Elijah should have been celebrating. Elijah should have been singing with joy. Elijah should have been strutting his stuff, shot full of confidence.

For God had answered his prayers, sent fire from heaven, burned up the bull at the top of Mount Carmel and beaten the prophets of Baal!

But instead, Elijah was frightened and frustrated and fleeing for his life. For Queen Jezebel had made a vow to find him and put him to death.

Elijah ran and ran. And when he could run no more, he collapsed in a weary heap beneath the shade of a broom tree and cried out to God.

“I’ve had enough, Lord. Kill me now!”

And then, as people often do when they are desperate and depressed and can see no way out, he found escape in sleep.

And that’s when an angel visited him. And it was no ordinary angel.

This was a Mary Berry angel. A Paul Hollywood angel. Or perhaps the latest winner of GBBO: the Great Broom-tree Bake Off. For this angel had come to bake a cake!

“Wakey, wakey,” said the angel to Elijah when the baking and the cake was done.

And when he awoke, Elijah ate the cake and drank a jar of water, then went straight back to sleep.

The angel waited till Elijah was well and truly rested. Then he tapped him awake again. And Elijah drank more water and finished his cake.

And what a cake it must have been! For with the energy it gave him, Elijah was able to travel for 40 days and 40 nights until he came to Mount Horeb.

This was the mountain where Moses had met God in a burning bush. So it made sense that Elijah would meet God there as well. Elijah waited in a cave. And finally God spoke.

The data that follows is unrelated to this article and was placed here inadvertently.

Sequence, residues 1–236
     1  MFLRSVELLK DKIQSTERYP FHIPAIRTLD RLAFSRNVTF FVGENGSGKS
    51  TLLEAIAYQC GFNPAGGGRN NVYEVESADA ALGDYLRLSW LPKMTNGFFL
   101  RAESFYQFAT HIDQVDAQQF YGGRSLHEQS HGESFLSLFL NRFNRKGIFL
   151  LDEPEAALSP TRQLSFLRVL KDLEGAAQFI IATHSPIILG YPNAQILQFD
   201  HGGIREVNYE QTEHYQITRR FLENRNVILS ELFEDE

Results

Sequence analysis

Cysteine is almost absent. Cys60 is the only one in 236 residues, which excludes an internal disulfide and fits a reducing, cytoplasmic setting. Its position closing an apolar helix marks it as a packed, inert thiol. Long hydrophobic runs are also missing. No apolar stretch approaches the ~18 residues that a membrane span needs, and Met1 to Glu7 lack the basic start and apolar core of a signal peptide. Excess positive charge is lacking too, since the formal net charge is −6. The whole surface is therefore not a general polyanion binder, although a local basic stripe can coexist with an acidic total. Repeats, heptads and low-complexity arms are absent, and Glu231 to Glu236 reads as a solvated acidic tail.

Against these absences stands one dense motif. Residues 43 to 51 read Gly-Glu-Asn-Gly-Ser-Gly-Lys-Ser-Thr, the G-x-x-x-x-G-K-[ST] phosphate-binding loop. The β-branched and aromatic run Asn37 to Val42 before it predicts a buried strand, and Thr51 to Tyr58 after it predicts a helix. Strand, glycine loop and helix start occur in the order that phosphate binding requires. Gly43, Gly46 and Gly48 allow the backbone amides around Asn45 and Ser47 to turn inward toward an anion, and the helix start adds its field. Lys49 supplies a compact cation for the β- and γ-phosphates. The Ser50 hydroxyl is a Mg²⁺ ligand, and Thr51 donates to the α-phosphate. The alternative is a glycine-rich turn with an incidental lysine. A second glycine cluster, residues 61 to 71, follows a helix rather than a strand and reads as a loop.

“Why are you here?” he asked the prophet.


“Because even though I have faithfully passed on your words,” Elijah explained, “the people have still abandoned you to follow other gods. They have torn down your altars. They have killed your prophets. I am the only one left, and now they want to kill me, too!”

“Come and stand on the mountain,” God replied. “Come and meet me there.”

So Elijah stood on the mountain.

Up rose a mighty wind; a wind so strong that it tore the rocks from the mountain and sent them crashing to the ground. But as Elijah watched the rocks break into pieces, he knew that God was not in that wind.

An earthquake followed, shaking the ground where the prophet stood and nearly knocking him off his feet. But, no, God was not in the earthquake, either.

Next came fire, bigger and brighter than any burning bush. But Elijah was not Moses, and God was not in that fire.

Finally, Elijah heard a still, small voice. Barely a whisper, it was. But God was there. And this was what he whispered in Elijah’s ear:

“Go and anoint a new king. His name is Jehu. He will take Ahab’s place. And as for Jezebel’s threats, you needn’t worry, for he will bring an end to her.

“Go and find your replacement. His name is Elisha, and he will be my prophet when you are gone.

“And finally, go and see that there are 7,000 in Israel just like you: 7,000 who have not bowed the knee to Baal!”

And so, no longer desperate and depressed, no longer frightened and frustrated, Elijah took the word he had heard and went from that place to be God’s prophet once again.